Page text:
Wisconsin Nature

Digging Deep Into Soil

We walk over it and wash it away daily, and although we don’t think about it much, soil is an important part of our lives. All our food comes from the soil, the materials we use in our homes and jobs come from beneath the soil or grow from it. Rarely do we appreciate it for all it does for us, and even less often do we consider where it comes from.

The Makeup of Soil

In essence, soil is a combination of two things; parent material – meaning the rock or base layer beneath the soil, which can be inches or thousands of feet beneath the surface; and organic material from plants and animals at the surface.

When we first observe soil, we may notice the rich black and brown colors and its ability to retain moisture. This first layer is called the O horizon, named for the organic matter it contains. We find roots and fungi weaving through it and insects and invertebrates making their homes within it; these living organisms are essential components of this layer. Each autumn, fallen leaves slowly break down and add essential nutrients to it. Insects and animals add organic matter to it throughout their lives as well as when they die. All these things contribute to the O horizon’s soft, pillowy texture and high nutrient content.

Deeper Layers of Soil

Digging deeper we can reach more horizons, each one with less organic material and more parent material. Eventually we reach the original mineral deposit that constitutes the majority of the soil. These materials vary from place to place and become a defining feature of the soil developing from them, influencing the soil’s texture and many of the minerals it contains. Over time, it becomes weathered and breaks down into smaller components, becoming more accessible to plants.

In southeastern Wisconsin our soils originate from glacial till – deposits left by the glaciers when they retreated over 10,000 years ago. In some places this glacial till is up to 600 feet deep. The parent material that the glaciers left for us is mostly brown clay and silt. These minerals combined with our state’s history of lush prairie and savanna gives us deep, nutrient dense, fertile soil that has become highly valued by farmers.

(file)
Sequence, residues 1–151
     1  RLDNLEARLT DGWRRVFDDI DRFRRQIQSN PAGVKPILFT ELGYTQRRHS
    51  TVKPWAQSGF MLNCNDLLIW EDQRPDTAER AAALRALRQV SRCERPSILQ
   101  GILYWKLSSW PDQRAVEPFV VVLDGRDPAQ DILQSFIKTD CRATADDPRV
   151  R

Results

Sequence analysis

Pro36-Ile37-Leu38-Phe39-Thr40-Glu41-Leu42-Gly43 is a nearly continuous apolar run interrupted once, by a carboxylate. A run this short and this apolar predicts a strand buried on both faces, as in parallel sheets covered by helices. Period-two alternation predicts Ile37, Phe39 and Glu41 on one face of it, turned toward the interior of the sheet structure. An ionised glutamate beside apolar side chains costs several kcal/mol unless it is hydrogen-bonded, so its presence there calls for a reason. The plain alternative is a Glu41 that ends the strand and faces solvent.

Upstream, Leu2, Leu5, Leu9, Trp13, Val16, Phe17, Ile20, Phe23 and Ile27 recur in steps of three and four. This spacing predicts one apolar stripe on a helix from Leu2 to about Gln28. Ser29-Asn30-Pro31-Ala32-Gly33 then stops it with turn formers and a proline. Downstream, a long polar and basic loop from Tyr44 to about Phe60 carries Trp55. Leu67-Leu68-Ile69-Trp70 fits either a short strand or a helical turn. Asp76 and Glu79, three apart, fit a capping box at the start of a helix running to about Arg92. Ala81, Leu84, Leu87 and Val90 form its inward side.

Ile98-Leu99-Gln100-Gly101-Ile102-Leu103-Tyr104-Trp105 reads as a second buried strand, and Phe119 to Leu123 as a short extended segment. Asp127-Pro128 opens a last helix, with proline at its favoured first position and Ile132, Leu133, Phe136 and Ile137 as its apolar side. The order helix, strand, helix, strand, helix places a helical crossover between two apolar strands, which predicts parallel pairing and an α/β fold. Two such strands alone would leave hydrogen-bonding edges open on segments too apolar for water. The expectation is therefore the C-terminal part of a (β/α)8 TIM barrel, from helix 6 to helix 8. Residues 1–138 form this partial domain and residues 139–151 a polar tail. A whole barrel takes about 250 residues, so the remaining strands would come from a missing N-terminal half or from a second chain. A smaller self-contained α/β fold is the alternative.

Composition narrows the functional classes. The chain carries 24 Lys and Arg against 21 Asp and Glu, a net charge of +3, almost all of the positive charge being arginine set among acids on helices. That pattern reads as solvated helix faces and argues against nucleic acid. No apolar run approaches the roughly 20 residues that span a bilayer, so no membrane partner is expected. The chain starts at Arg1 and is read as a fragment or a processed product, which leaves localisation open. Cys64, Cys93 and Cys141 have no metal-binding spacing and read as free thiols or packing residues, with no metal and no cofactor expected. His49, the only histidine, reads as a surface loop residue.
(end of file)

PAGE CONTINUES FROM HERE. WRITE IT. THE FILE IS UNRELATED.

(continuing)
Importance of Caring for Soil

For all the things soil does for us, we should also consider what happens when we lose this vital resource. Impervious surfaces like parking lots, roads, and buildings cause rainwater to accumulate and funnel into natural areas. Water at high volumes and speeds can rip away topsoil and organic matter, washing it into our rivers and lakes. Then, not only do plants lose their livelihood, the chemistry of the water bodies can also be changed by the nutrients the soil adds, promoting algae growth and impacting water quality and the lives of aquatic animals.

Healthy soils are the basis of the food chain, providing for plants, animals, and humans in so many ways. And since it takes 100 years to make just one inch of topsoil, the things we do in our everyday lives, like planting native plants, supporting our local natural areas, and eating sustainably farmed foods, can make a huge difference.